Home safety Water safety

How to reduce the risk of legionella in your home.

A hand holds a glass that's being filled with water from a kitchen tap

Legionella is a type of bacteria that lives in water, such as rivers and ponds. It’s most often found in stagnant water, so it’s not usually a risk in your home. 

If you go away on holiday or stay away from home for a while, legionella bacteria can sometimes grow in your water system. This is because the water doesn’t move through the system like usual when you’re not flushing the toilet or running taps regularly.   

Not everyone who comes into contact with legionella becomes ill, but the bacteria can cause a lung infection called Legionnaires’ disease.

How do people get Legionnaires’ disease?

People can get Legionnaires’ disease by breathing in tiny droplets of water containing the bacteria. The water droplets come from things like air conditioning systems and hot tubs, as well as taps and showers that aren’t used often. 

You can’t get Legionnaires’ disease from drinking water, and you can’t catch it from other people. 

What are the symptoms of Legionnaire’s Disease?

The symptoms of Legionnaires' disease can be similar to flu and include:

  • a cough
  • difficulty breathing
  • chest pain
  • a high temperature

If you think that you or someone in your home has Legionnaires’ disease, contact your doctor as soon as possible.

What should I do if I have Legionnaire’s disease?

If you’re diagnosed with Legionnaires’ disease, please contact us immediately so we can check the water system at your home. 

How to reduce the risk of legionella in your home

Although it’s not very common to find legionella in your home, here’s some simple steps to help prevent legionella bacteria from growing in your water system:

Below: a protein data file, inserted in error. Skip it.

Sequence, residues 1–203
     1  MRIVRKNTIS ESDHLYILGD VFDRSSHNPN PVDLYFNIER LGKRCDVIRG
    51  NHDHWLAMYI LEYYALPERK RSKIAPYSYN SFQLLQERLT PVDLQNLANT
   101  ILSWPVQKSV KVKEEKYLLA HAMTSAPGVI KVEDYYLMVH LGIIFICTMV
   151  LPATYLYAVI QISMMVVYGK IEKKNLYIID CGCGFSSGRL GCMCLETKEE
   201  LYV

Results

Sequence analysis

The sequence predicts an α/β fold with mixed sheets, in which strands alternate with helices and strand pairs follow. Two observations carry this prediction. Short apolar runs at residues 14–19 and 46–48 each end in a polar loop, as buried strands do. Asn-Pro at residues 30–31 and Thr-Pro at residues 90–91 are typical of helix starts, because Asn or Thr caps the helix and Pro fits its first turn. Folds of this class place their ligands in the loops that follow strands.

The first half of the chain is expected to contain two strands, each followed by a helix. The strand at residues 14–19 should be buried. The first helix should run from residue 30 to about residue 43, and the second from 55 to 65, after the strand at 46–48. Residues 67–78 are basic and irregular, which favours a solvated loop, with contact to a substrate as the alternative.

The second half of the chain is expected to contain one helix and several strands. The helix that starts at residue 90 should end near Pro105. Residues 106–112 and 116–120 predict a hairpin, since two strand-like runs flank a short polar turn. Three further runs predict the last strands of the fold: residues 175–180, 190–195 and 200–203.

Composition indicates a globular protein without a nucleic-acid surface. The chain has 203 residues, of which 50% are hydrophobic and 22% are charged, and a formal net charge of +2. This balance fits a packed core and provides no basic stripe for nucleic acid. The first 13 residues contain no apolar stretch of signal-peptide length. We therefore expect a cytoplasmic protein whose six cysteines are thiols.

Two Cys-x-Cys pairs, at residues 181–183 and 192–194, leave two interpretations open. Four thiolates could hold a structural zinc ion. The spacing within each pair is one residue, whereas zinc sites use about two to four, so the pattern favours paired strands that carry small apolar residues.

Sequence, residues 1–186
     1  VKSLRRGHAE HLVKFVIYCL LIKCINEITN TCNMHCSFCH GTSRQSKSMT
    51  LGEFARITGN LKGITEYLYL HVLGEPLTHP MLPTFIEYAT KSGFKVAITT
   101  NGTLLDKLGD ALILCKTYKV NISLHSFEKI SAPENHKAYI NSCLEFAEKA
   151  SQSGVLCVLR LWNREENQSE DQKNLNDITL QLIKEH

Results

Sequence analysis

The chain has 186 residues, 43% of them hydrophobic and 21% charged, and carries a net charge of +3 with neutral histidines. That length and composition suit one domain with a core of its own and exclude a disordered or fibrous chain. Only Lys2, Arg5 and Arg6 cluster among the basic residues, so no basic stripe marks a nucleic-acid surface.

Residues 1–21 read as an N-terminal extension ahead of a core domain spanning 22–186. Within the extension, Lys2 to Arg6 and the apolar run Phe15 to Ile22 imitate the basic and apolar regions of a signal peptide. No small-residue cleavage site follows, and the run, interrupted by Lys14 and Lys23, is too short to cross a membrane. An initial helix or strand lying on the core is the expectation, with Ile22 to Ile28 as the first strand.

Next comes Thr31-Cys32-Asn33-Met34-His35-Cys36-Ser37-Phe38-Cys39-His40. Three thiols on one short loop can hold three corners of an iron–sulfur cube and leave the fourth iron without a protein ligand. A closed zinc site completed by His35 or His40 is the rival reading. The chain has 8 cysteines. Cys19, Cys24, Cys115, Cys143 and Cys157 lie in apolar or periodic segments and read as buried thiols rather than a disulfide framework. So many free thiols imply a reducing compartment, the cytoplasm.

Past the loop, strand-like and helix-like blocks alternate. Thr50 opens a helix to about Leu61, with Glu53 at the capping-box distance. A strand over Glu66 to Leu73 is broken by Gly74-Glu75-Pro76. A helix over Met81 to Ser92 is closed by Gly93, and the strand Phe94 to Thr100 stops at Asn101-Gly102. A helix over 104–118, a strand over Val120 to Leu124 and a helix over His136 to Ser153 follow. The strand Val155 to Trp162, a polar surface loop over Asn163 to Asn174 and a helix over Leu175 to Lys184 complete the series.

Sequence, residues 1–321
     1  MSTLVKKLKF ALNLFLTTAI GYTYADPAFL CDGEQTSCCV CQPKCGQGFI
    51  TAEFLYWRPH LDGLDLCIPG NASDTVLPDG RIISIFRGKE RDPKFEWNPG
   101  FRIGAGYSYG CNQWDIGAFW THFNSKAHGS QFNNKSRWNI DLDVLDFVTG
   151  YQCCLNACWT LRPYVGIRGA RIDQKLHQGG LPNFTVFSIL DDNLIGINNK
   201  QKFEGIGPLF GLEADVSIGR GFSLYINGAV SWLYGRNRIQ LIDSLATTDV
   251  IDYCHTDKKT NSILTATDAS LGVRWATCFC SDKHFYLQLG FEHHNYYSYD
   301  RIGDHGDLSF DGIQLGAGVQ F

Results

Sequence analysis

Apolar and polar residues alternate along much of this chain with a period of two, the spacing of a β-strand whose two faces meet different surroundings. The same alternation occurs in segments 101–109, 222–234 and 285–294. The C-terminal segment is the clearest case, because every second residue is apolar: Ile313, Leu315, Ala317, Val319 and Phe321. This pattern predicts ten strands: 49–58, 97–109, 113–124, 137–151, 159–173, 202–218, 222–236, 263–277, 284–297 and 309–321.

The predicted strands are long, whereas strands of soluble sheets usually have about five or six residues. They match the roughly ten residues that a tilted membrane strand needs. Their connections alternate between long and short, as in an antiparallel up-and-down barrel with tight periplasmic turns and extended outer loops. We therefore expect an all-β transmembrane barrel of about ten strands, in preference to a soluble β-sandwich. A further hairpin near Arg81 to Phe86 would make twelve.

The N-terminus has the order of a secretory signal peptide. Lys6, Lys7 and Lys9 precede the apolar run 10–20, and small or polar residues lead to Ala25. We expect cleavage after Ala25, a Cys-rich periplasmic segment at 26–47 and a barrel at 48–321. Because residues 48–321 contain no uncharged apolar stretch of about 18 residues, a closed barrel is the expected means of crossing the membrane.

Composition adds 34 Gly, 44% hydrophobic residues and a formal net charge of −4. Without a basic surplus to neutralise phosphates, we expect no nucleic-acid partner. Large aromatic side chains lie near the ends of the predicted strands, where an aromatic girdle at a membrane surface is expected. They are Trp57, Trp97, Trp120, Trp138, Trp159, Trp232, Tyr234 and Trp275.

• Keep your hot water cylinder thermostat set at 60°C. Legionella bacteria thrive at temperatures between 20°C and 45°C, so setting your thermostat to 60°C will kill any bacteria. 
  • Descale your taps and showerheads every three months, or sooner if you spot a build-up of limescale, mould or algae
  • If you have a water tank, make sure that the lid fits tightly to stop the water from getting contaminated and check any insulation around your tank is fitted correctly
  • Run your garden hose into a drain or unused area of your garden for one minute before you use it
  • Keep your water butt clean

When you come back home after being on holiday or being away for more than a week, flush your toilets and run all taps and showers continuously for about two minutes to flush out any bacteria. Keep the lid down when you flush the toilet and run the taps slowly for the first few seconds to avoid being sprayed by any bacteria in the water.  

If you notice anything unusual with the water system in your home, let us know. For example, if there’s rust flowing from your taps or if your hot water is not heating properly.